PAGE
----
“What Aussies call other Aussies.”

2011

Aussies love to nosh up at a barbie, have a coldie and take a gander at some footy, and tell you that everything is bonza.
They also love their slang.
A little-known fact, however, is that Aussies even have lingo for each other…
It was inevitable that the first Pommies in Australia developed a new vocabulary to describe their alien surroundings, given that everything in Australia was so different from all they had known.
Prison slang crept into general use, indigenous language was incorporated, and new words coined – much to the alarm of our colonial establishment.
The upper class pommies looked down their noses at the convicts and Australian-born folk.
Originally, they called them ‘Cornstalks’, because the new generation of Aussies were taller than their forebears.
The name stuck for awhile, and so did the custom of giving regional names to our fellow Aussies.
‘Sandgropers’, or Western Australians, once used the term ‘Wise Men from the East’ in reference to visitors from the Eastern side – especially the ones who enjoyed telling us how good they were.
Victoria was called the Cabbage Patch because of its small size, hence ‘Cabbage Patchers’ hailed from the garden state. ‘
Gum Sucker’ was formerly applied to all colonials for their pastime of sucking the sweet gum from some species of wattle.
How it came to refer solely to Victorians is a mystery.
Tasmanians, too, suffered prejudice, and ‘Taswegian’ was once used almost derisively to describe the mob who in kinder moments were called ‘Apple Islanders’.
Those Taswegians were once also known as ‘Barracoutas’, after the creature that supported fishing families and was a staple during the starvation years.
The name is rarely heard now, and the ’couta, too, have almost vanished.
‘Crow-eaters’ for South Australians is still commonly used, and refers to the piping shrike (not a crow) on the south Australian coat of arms.
‘Top Enders’ for those from the Northern Territory is heard quite often and is a pretty good description.
‘Banana Benders’, referring to those from Queensland describes them perfectly and is simply not heard enough.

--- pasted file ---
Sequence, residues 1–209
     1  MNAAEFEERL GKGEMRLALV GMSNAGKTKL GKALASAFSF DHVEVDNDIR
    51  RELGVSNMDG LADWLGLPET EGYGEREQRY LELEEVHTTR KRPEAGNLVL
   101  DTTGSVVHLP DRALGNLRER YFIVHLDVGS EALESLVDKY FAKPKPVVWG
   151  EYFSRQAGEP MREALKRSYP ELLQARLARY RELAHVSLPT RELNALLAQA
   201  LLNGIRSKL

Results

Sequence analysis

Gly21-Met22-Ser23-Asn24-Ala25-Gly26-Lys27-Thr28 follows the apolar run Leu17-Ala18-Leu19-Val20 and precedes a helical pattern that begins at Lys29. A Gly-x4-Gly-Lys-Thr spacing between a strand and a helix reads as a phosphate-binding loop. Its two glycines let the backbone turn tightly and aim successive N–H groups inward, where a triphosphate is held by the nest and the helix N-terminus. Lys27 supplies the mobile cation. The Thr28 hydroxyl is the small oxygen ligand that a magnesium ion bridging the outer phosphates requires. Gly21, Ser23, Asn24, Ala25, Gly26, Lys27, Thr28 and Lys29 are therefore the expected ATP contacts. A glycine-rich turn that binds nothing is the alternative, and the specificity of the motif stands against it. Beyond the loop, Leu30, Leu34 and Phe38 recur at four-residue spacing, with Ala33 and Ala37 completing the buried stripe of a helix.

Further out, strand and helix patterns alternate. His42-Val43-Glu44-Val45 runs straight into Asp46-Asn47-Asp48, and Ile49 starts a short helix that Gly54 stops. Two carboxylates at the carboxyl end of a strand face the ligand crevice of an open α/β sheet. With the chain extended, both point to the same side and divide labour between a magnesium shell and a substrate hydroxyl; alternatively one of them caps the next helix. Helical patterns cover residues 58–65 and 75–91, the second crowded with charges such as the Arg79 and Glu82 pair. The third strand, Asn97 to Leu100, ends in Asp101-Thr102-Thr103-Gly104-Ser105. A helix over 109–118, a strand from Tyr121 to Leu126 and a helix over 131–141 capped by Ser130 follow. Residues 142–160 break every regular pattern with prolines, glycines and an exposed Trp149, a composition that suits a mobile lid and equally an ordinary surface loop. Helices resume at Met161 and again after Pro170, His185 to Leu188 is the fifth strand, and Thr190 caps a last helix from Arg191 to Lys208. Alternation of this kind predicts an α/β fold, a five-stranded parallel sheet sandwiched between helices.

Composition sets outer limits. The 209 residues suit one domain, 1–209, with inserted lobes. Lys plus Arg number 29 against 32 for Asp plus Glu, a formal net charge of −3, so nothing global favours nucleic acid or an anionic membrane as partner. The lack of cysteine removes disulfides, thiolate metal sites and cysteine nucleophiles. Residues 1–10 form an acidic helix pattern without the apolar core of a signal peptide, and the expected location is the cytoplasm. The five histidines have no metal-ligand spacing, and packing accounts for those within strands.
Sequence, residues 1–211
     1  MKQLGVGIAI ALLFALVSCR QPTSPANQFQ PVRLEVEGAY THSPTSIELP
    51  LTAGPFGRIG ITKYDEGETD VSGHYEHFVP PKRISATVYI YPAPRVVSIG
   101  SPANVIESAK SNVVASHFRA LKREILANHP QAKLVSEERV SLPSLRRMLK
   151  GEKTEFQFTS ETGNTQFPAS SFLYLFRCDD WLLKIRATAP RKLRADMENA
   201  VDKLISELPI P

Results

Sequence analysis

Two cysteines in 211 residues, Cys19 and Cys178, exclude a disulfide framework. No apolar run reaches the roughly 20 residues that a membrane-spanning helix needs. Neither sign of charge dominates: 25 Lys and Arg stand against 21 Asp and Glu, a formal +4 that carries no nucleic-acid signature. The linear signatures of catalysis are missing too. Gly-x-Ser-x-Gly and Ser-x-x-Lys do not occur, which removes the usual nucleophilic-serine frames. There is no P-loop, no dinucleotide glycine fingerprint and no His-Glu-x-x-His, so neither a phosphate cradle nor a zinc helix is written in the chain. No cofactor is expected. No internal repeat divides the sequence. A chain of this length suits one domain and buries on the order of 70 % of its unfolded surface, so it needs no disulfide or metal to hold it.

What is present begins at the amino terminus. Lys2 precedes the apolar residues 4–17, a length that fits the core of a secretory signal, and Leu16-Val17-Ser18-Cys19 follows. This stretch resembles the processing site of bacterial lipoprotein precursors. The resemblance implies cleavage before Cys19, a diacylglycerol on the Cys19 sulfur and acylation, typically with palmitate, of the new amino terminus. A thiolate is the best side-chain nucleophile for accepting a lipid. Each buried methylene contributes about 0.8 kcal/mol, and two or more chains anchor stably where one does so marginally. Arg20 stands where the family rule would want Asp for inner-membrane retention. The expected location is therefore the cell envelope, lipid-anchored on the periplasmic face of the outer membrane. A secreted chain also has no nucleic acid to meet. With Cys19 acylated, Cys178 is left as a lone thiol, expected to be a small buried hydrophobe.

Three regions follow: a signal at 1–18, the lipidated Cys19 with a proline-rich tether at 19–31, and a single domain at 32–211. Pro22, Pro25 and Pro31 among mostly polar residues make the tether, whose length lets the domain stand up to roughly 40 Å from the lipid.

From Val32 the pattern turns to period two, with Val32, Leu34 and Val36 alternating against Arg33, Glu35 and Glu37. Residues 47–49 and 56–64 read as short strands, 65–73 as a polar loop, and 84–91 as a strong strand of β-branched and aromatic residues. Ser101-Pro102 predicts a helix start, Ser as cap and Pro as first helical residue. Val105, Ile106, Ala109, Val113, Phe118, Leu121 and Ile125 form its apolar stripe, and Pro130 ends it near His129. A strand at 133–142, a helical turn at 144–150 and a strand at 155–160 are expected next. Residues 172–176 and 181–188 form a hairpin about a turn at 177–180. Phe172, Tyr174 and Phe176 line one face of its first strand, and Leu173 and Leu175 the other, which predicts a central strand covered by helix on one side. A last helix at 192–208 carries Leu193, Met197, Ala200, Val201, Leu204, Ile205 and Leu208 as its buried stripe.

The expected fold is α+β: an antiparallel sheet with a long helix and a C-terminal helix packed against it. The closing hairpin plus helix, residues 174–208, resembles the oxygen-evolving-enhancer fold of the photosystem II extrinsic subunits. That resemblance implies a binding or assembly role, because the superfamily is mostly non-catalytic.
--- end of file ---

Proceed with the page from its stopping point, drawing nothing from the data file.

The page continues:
As for the residents of the Australian Capital Territory, anything goes seeing most of them are pollies or bloody bludging public servants.
via Slang: What Aussies call other Aussies – Australian Geographic.

14 thoughts on ““What Aussies call other Aussies.”

  1. Do you deliberately post inaccuracies just to bate me, Rod?
    I’ll have to correct you again, dear comrade – the South Aussies are named after the PIPING SHRIKE, not the magpie – don’t you watch the BankSA ads!

    Liked by 1 person

  2. I am feeding a family of magpies at my place at the moment – no OWLS, sadly. Up to six of them come around about the same time each morning and evening.
    The mother I can hand-feed now, she is pretty tame and sits on a planter out the front waiting for me, so I give her bread and bacon rind, which she divvies up for the squawking babes.
    I also put out native bird seed and bread on a bird-feeding table for the spoggies, pigeons, noisy miners, maggies etc. It can get quite vicious at times!
    Fabulous!

    Liked by 1 person

  3. Miners are bossy bastards; they will have a go at anything!
    Maggies won’t touch the seed, so they get the bread – along with your lovely cooing pigeons.

    Liked by 1 person

    • Probably a grain bread would be good I was told by a Birdman that straight white bread is not good for them.
      Rod
      Oh1 Grain bread is probably more expensive. Sorry…

      Like

  4. They usually get GRAIN BREAD, normally wholewheat, and it’s normally Helga’s.
    Does that meet the criteria for birdies?
    Nothing is too expensive for MY birds!

    Liked by 1 person

    • “burl” must be unique to Australia, a quick look on the internet
      throws up all sorts of meanings, but not how we use burl, I guess “give it a go” is more widely used here.
      Rod

      Like

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